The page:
“Laurie is the bloodstream of one of our most progressive and promotional ranch families,” stated Magagna. “Whether it is supporting the development of the Mountain States Lamb Cooperative, helping family and friends develop direct sales for lamb products or raising new generations of producers, Laurie quietly works with dedication, creativity and focus to promote agriculture.”
Fremont County honoree
Janet Givens was the Fremont County Heart of Agriculture honoree.
Magagna noted Givens partners on a diverse operation while also serving as an advocate to a wide array of audiences.
In fact, Givens has served various roles within the Wyoming CattleWomen, Lander Valley CattleWomen and Fremont County CattleWomen. She also partners with UW Extension for the Fremont County Farm and Ranch Days and coordinates the annual Agriculture Exposition for third graders across Fremont County.
Goshen County honoree
From Goshen County, Jenny Conrad was honored.
Conrad has been the secretary for the Wyoming CattleWomen’s Association for several years while also serving as promotions chairperson for the Goshen County CattleWomen, as county fair superintendent and in many other community roles.
Hot Springs County honoree
Carol Dockery was the Hot Springs County honoree.
“Carol has served as a 4-H leader for 20 years and is currently serving on the Hot Springs County Farm Bureau,” noted Magagna. “She serves as a member of the Hot Springs Pioneer Museum Board, Hot Springs County Historical Society and was appointed to the Hot Springs County Natural Resource Planning Committee by county commissioners. Carol has also worked as an election judge for over 35 years.”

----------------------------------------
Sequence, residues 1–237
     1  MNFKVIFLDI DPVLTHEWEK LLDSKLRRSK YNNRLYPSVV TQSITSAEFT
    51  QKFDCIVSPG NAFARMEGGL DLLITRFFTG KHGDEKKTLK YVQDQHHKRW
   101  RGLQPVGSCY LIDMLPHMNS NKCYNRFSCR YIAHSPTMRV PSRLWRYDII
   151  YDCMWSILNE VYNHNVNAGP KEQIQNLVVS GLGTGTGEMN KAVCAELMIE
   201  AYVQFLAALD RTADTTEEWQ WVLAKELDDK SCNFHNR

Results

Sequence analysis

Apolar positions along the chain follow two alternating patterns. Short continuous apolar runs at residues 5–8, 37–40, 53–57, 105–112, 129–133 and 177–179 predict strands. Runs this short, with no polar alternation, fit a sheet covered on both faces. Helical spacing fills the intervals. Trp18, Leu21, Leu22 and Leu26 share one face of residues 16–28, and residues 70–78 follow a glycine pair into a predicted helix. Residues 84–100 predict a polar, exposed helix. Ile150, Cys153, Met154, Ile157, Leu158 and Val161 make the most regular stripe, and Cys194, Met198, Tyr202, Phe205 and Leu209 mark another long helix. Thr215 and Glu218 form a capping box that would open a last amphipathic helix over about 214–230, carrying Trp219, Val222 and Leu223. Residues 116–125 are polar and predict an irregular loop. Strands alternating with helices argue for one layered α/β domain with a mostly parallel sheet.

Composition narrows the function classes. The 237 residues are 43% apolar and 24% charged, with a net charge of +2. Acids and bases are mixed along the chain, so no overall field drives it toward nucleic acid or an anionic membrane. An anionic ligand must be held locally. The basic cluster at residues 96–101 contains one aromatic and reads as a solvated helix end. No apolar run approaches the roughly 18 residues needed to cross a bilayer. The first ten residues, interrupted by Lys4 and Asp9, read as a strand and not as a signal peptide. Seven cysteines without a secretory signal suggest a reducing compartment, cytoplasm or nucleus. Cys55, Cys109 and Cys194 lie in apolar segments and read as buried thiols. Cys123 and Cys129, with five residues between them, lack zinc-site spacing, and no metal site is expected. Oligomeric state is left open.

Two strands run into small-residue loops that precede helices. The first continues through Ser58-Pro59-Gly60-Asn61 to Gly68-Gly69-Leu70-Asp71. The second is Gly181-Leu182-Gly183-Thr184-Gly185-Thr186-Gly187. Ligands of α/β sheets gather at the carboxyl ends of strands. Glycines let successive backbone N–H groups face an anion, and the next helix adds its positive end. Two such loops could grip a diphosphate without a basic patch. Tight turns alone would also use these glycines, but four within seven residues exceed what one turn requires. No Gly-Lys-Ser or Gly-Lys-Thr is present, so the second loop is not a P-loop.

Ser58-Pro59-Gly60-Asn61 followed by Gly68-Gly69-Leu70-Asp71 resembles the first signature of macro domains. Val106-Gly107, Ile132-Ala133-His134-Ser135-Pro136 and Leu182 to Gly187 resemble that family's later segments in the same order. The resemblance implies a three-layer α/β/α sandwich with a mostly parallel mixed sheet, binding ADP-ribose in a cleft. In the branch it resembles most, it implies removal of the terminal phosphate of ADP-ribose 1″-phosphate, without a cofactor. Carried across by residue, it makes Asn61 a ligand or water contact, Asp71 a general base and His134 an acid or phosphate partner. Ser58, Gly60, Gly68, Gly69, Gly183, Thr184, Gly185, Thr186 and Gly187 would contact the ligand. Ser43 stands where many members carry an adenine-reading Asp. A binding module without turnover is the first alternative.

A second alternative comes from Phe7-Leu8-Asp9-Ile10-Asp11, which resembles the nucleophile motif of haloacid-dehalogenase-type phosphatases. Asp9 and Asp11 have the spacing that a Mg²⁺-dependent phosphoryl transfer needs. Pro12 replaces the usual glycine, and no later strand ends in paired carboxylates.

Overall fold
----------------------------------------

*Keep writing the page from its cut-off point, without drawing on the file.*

Johnson County honoree
The Heart of Agriculture honoree from Johnson County was Colette Camino Fenster.
“Coming from one of our legacy ranch production families, Colette not only loves ranching, but supports many others in doing the same,” stated Magagna. “She serves as an essential component at fairs, shearings, brandings and rodeos while assisting in an active role of fundraising for agricultural causes.”
Laramie County honoree
Bobbie Frank of Laramie County also received the recognition.
“Bobbie and her husband Dan have owned and operated Horse Creek Angus near Meriden since 2013. Prior to this, they ranched south of Cheyenne,” explained Magagna.
Magagna further explained Bobbie is most widely known for her advocacy in regards to conservation and agriculture in Wyoming. In fact, Bobbie served as executive director of the Wyoming Association of Conservation Districts for 29 years and as executive director of the Wyoming Natural Resource Foundation since its inception in 1993.
Natrona County honoree
Mary Allemand Owens was the honoree for Natrona County.
“Mary balances decades of ranching with service on the Natrona County Republican Central Committee, Weed and Pest boards, Natrona County CattleWomen, Farm Service Agency County Committee, the Agriculture Expo for Youth, Natrona County Cowboy Hall of Fame Committee and a practicing Master Gardener,” said Magagna.
Additionally, Owens is a current member of the Wyoming Livestock Board and former member of the Natrona County Predator Board.
Niobrara County honoree
From Niobrara County, Carmen Shane received the Heart of Agriculture Award.
“With a reputation for producing quality hay, Carmen and her husband also operate a yearling cattle operation and raised sheep for many years,” said Magagna. “Carmen supports almost every community activity in Niobrara County with an ever-present smile.”
Park County honoree
Deanna Siggins was the award recipient from Park County.